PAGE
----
In an instant, Moser became frustrated with himself. He knew flushing the painkillers down the toilet wasn't the best way to get rid of them. But that wasn't all that bothered him.
Another flash of insight came to mind: That having leftover medication but no plan for its disposal had surely played out in countless homes around the country. How many people were potentially creating environmental hazards the way he just had? Even worse: How many others were unwittingly creating risks by leaving the medications stored in their homes where any member of the family could access them?
The latter question hit Moser especially hard. Between them, he and Jeanne had undergone roughly half a dozen surgeries over several years. They stored their leftover narcotics in a kitchen cabinet "right next to the Advil, brown sugar and cake sprinkles," he remembers.
Though Adam's opioid struggles began away from home, he used his parents' leftover narcotics to feed his addiction whenever he was at their house. "Our behavior was completely inappropriate," Moser says. "Our medicine cabinet was our kitchen cabinet."
The Mosers knew they had to do something about this education gap. Jim spoke with Dr. Thomas McGovern, the surgeon who operated on his knee. Right then and there, McGovern committed to tell every future patient about the dangers of opioids, and to provide a way to make sure they had no excess pills left after recovery.
That was the beginning of a groundswell: Many in New Hampshire's health care industry were drawn to the Mosers' passion and vision. And so, in March 2017, the Zero Left initiative was born, with the help of McGovern and Exeter Hospital.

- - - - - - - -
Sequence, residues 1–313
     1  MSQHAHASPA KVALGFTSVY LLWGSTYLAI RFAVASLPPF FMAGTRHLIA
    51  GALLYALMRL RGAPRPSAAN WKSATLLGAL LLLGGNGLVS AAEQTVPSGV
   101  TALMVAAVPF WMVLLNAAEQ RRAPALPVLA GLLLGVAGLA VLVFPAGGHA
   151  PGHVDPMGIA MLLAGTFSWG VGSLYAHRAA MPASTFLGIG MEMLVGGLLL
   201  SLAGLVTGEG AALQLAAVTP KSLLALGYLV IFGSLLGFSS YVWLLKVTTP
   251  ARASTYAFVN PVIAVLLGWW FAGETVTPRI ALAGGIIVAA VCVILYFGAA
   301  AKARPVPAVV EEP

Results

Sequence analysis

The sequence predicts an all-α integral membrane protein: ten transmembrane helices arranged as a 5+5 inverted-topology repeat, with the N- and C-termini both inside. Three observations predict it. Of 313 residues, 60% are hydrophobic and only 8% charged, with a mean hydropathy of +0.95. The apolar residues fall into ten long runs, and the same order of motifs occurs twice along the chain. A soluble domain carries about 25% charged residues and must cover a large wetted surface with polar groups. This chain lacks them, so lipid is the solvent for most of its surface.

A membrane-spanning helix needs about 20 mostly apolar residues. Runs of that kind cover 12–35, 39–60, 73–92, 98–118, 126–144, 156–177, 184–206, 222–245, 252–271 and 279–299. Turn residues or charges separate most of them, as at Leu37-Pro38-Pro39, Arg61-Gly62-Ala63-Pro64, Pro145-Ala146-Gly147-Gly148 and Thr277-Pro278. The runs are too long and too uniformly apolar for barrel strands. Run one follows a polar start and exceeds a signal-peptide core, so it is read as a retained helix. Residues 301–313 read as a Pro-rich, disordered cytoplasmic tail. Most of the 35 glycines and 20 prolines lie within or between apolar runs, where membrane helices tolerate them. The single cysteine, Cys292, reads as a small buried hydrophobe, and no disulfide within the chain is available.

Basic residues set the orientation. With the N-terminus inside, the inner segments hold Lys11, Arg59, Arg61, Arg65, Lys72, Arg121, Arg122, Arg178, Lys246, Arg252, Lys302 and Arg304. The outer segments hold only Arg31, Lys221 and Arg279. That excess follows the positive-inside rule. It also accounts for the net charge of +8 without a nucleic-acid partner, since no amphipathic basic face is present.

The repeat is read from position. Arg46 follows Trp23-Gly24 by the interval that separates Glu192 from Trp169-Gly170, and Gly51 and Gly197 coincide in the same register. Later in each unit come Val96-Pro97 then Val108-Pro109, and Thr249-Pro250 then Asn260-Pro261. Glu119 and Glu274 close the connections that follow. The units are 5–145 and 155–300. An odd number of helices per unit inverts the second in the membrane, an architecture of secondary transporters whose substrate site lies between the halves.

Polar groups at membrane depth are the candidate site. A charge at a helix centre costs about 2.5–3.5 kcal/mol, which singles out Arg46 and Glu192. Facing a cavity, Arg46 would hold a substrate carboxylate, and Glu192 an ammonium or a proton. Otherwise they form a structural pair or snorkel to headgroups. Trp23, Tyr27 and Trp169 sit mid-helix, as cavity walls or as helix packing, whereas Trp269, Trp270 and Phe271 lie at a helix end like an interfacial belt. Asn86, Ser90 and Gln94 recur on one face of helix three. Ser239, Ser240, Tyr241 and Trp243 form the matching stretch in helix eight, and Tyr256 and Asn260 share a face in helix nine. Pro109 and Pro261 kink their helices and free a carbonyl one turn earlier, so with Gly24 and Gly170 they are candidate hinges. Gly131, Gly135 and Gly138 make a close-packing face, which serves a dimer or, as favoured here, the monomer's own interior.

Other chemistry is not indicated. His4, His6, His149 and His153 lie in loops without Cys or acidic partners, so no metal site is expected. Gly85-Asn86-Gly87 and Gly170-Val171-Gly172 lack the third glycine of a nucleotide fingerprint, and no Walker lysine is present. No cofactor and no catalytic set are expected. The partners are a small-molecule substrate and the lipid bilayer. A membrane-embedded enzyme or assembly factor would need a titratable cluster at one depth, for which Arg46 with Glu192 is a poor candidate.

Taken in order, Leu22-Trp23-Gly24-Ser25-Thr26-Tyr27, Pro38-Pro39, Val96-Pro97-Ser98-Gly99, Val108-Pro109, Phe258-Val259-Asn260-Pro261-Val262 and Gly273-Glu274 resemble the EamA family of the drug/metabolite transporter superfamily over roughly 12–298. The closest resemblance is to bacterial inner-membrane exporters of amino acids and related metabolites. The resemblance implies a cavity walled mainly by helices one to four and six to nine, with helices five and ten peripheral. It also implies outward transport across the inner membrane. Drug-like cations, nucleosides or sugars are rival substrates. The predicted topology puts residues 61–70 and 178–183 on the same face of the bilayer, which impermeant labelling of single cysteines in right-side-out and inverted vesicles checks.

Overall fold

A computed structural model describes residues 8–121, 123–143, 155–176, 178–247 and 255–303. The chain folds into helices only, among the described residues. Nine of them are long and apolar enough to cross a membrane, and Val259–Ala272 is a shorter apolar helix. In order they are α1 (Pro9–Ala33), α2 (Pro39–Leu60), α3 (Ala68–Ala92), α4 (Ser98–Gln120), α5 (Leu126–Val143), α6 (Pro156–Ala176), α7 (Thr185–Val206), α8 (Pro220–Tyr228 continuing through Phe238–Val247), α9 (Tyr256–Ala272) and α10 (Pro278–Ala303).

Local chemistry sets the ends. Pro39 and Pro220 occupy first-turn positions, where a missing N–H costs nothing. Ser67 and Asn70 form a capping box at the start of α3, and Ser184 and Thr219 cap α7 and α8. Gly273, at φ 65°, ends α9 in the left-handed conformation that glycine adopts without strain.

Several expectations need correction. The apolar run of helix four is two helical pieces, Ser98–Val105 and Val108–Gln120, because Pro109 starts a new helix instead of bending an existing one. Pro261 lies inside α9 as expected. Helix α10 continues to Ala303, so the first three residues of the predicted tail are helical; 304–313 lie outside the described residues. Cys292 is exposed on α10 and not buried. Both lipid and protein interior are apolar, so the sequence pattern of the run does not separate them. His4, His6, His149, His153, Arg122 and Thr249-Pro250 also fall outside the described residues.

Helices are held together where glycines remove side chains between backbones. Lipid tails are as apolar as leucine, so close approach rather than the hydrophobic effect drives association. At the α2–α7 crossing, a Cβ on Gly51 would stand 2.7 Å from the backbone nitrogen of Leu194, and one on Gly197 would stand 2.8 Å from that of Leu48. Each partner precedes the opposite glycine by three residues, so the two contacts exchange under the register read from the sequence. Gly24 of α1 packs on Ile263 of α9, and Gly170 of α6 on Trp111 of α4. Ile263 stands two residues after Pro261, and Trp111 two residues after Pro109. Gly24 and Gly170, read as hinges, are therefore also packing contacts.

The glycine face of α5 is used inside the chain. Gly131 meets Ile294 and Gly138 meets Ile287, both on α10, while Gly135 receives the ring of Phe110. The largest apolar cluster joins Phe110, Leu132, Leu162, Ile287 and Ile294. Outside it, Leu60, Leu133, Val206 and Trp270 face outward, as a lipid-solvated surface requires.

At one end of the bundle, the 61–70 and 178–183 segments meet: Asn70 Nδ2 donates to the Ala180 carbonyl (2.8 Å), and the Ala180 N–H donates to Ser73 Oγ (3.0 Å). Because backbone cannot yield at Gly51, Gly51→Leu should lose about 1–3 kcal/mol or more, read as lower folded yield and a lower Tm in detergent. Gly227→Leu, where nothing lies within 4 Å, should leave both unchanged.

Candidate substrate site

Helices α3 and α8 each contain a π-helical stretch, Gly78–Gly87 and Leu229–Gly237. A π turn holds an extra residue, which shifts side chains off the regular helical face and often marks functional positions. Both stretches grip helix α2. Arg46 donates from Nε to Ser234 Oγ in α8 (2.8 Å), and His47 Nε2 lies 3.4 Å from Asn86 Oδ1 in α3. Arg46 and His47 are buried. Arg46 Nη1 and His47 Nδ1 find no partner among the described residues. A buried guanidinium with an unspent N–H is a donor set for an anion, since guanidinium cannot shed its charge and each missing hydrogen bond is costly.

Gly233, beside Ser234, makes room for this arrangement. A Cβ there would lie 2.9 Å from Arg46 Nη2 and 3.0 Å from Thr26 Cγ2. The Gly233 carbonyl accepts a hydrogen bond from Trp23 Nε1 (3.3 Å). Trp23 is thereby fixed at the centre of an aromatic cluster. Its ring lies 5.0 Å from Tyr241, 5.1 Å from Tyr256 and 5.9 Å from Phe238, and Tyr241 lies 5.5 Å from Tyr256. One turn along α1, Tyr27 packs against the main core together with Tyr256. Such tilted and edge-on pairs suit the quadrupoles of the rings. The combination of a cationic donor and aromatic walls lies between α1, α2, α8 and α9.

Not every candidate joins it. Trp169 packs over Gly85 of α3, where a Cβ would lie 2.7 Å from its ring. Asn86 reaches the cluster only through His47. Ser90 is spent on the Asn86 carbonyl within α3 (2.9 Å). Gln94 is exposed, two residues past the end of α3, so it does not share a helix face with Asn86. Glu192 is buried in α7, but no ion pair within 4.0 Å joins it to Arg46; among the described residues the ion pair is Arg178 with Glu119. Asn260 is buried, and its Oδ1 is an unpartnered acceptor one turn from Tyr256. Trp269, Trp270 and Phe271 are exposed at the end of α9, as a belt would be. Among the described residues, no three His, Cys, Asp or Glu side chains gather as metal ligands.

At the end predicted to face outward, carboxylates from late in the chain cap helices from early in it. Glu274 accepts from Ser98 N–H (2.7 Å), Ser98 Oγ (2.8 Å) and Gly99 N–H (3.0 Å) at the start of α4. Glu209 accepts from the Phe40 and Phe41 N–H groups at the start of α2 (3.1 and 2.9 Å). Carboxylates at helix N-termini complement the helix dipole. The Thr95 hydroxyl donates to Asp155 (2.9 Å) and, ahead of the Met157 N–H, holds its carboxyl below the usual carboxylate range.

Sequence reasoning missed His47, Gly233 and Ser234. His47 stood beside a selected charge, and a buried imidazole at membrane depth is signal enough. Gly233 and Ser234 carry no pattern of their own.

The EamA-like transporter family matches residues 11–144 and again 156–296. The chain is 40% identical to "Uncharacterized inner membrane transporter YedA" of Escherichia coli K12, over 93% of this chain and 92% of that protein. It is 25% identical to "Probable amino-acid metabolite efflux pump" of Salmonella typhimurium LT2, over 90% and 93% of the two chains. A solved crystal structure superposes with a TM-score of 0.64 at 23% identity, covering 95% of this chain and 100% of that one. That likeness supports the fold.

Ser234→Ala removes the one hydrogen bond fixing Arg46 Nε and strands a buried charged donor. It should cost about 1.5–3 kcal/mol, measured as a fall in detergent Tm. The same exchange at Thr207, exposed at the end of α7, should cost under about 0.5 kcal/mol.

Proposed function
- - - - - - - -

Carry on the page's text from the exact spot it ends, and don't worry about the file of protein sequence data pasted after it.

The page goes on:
"It is about having zero pills left for the medicine cabinet," Moser explains. "Eighty percent of heroin/fentanyl users begin their journey with prescription pills, as our son did. The goal is to cut off the supply for the Adam Mosers of the world."
Zero Left now has a presence in five hospitals in New Hampshire, and the Mosers hope it will go statewide.
"When [patients] are introduced to the surgery, they're told they're going to be getting narcotics—[that] they can help with the pain. But also [they're told about] the risks," Moser explains, noting that practice became state law in 2016.
Health care providers involved in the Zero Left campaign also give patients deactivation bags to help them dispose of leftover medications safely.
The scope has also expanded beyond hospitals. Zero Left has installed medication take-back boxes throughout the state where anyone can dispose of unused or expired prescription opioids.